Friday, 31 January 2014


Sooty Oystercatchers, photo by Brook Whylie
I have just returned from a very pleasant (if totally unsuccessful) trip to Wollongong, hoping (but failing) to see a White-necked Petrel.

Last July I wrote on these pages that I had five bogey birds.  These were:  the Rufous Scrub-bird (that I searched for again last October in Lamington National Park - again without success); the Short-tailed Grasswren (that I finally saw last September on Stokes Hill in the Flinders Ranges, thanks to Peter Waanders); the Black-winged Monarch (that I finally saw in November on McIvor River in far north Queensland, thanks to Martin Cachard); and two reprobate seabirds, the White-necked Petrel and the Slender-billed Prion, both of which still elude me.  So, notwithstanding concerted efforts on my behalf, I still have three bogey birds.

This was my sixth trip to Wollongong attempting to see a White-necked Petrel.  You can see by the beautiful photo on my masthead that this bird is well worth seeing.  This photo was taken by Brook Whylie, the President of SOSSA.  It was Brook who suggested that January would be a good month for me to look for the White-necked Petrel.  (I had looked before in Wollongong twice in February and three times in March, and twice in Port Stephens in April, but never in January.) 

On Tuesday, when Rog and I set off for Wollongong, full of optimism, the weather forecast for the following Saturday was promising.  It wasn't until Friday that things changed.  Rog and I had visited Barren Grounds (where we failed to see Eastern Bristlebirds) and had just driven down the escarpment towards Wollongong when my phone rang.  It was Brook, informing me that Saturday's weather forecast had changed:  waves were now predicted to be 5 metres and winds 40 knots.  The trip had been cancelled.  I think I was quite restrained in the circumstances.  I didn't swear.  Much.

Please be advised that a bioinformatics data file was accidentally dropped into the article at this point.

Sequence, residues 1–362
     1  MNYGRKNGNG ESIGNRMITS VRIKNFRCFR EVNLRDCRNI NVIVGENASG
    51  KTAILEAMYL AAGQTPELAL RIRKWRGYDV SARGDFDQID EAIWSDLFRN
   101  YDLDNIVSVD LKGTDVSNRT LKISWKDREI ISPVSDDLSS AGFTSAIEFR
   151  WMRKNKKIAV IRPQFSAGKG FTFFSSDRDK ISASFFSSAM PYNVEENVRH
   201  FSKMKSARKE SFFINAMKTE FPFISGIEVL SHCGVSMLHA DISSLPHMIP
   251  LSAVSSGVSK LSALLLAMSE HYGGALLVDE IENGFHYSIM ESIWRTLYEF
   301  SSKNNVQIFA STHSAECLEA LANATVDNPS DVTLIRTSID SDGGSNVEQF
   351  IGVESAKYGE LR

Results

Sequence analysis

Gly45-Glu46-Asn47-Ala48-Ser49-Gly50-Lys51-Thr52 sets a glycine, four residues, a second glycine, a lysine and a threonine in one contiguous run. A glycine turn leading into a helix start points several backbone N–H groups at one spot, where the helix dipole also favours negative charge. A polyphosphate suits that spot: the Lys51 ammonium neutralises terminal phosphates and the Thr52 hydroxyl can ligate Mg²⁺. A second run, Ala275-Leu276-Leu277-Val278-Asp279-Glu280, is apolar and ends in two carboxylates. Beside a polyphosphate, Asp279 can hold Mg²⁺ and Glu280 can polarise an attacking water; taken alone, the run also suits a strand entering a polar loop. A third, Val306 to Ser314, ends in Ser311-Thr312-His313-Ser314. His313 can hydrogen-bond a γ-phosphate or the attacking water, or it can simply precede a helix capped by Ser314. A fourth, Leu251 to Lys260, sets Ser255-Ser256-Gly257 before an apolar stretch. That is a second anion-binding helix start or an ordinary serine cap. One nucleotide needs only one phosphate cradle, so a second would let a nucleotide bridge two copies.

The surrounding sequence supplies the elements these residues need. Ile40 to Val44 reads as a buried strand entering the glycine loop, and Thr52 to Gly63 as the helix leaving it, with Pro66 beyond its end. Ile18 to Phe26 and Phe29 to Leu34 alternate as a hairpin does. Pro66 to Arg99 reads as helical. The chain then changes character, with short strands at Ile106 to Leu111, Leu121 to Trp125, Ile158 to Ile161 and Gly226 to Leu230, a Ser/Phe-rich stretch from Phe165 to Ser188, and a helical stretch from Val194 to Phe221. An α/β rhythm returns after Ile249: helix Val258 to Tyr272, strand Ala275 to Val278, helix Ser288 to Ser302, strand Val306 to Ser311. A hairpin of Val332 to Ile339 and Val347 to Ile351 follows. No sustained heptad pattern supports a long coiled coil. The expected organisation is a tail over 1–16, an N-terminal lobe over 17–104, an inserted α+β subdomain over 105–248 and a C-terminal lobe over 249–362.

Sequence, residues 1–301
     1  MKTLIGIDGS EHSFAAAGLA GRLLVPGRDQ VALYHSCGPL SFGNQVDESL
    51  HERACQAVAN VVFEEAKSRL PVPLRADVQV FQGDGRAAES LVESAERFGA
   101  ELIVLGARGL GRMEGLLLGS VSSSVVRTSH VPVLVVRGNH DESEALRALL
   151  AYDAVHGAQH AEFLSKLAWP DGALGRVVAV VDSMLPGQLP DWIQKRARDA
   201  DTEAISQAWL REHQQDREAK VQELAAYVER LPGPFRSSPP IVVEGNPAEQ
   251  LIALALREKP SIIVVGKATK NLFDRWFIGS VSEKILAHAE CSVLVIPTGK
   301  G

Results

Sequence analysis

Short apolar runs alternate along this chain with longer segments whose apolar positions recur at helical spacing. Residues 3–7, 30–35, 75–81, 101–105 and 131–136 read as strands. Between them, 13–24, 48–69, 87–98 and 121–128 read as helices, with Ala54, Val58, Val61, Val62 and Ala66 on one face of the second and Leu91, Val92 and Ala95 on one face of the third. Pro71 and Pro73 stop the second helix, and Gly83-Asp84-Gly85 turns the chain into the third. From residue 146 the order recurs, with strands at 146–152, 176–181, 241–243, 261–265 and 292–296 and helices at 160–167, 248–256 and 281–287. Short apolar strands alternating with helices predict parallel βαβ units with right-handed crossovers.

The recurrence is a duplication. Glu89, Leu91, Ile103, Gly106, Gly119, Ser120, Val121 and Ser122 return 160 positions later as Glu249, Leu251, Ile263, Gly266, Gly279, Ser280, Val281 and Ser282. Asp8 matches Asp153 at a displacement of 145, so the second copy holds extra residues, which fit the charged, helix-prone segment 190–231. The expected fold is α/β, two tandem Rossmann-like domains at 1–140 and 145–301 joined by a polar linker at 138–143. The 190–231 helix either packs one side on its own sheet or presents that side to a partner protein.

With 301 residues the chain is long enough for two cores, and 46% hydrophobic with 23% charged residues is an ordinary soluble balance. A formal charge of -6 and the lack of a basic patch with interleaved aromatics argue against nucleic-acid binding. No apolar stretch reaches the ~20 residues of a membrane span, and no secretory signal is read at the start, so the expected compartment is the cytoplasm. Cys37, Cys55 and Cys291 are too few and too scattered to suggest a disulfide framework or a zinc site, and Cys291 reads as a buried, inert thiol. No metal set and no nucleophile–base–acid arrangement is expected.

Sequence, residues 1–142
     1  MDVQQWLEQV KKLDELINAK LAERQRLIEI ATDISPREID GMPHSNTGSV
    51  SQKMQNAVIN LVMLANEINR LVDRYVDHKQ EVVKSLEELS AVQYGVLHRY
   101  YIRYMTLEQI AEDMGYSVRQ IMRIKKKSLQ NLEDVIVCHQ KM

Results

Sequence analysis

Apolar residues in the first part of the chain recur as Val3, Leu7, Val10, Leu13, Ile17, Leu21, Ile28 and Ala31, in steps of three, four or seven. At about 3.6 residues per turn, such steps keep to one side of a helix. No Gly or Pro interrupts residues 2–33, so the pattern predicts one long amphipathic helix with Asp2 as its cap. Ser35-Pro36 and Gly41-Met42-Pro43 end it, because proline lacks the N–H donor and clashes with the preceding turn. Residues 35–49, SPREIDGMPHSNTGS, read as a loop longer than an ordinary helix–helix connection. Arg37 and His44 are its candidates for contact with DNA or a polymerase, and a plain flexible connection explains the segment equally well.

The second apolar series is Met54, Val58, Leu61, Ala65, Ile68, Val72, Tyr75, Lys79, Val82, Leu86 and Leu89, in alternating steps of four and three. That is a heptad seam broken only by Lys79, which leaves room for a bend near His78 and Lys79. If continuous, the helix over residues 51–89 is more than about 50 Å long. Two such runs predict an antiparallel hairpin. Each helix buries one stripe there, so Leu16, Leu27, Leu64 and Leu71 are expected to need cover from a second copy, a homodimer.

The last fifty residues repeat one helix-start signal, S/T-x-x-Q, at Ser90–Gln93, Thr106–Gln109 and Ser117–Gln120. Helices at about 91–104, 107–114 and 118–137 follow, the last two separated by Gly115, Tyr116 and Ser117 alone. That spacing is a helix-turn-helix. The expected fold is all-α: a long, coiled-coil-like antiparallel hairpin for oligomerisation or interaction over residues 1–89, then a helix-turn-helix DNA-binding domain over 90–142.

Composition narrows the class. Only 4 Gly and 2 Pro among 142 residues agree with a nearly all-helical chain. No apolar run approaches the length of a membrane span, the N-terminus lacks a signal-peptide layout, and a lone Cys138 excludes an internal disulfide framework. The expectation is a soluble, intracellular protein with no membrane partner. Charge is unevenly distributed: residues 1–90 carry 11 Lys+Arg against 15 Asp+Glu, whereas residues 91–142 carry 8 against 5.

Of course the obvious thing to do was to keep driving.  To go directly to Hexham Swamp (near Newcastle) where a Buff-breasted Sandpiper had been seen recently.  However, Roger is not a birder.  He could not quite grasp the excitement of such an opportunity.  He had undertaken to drive me to Wollongong, and this he had done.  So Wollongong it was, without the pelagic trip that had lured me there.

Now the President of SOSSA came to my rescue, bless him.  He offered to take me to Bass Point (in Shellharbour, just south of Wollongong) to try seabird watching from onshore.  That suited Roger fine:  I'd get my seabird fix and he wouldn't have to do anything.  That is where Brook took this fantastic photo of Sooty Oystercatchers, one of the very few birds I could identify on the day.

I haven't done much seabird watching from onshore before.  In fact, I have never set out to do it at all.  It just happens that from time to time I've spotted an albatross at sea and spent some time trying to identify it, then greedily wanting more.  It is always a most frustrating past-time, and never more than on this particular Saturday.  Remember that conditions were too rough for us to go to sea.  On land, it was extremely windy.  Some people might call it invigorating. Sitting in our deck chairs, scanning the horizon, raising our voices to be heard over the wind, we did not regret that we were on terra firma.  I can only imagine what it would have been like in a small boat on those enormous seas.  Our scope blew over a couple of times, and if we were careless enough to stand up and not keep a hold of our chairs, they were very quickly off on their way to New Zealand. 

Then there is the small problem of identifcation in these less than ideal conditions.  I have always believed that it is quite impossible to identify a dark shearwater from land.  They all look the same to me.  (Let's be honest, they all look the same to me from a small boat at sea.)  I just say 'shearwater,' while Brook confidently proclaims 'Wedge-tailed' or 'Short-tailed.'  We saw a few albatrosses - one Black-browed and a couple of Shy.  And there were several Australasian Gannets.  And of course there were gulls and Crested Terns and the odd cormorant or two. Once, just to get my heart pumping, we saw a bird with white underparts.  It was, we decided, a Fluttering Shearwater.  And some noisy Yellow-tailed Black-Cockatoos landed in the banksias behind us, just as the Sooty Shearwaters arrived on the rocks in front of us. Both very beautiful birds.  And easily identified!

So, thanks to Brook, my trip to Wollongong was not wasted at all.  I enjoyed a pleasant afternoon attempting to identify shearwaters.  And, of course, hoping that, out of the blue, some special bird would fly inshore close enough for me to identify it.  It is this cockeyed optimism that keeps birders birding.

I am planning another trip to Port Stephens in April.  After all, Richard Baxter did tell me that White-necked Petrels were 'guaranteed' in Port Stephens in April.

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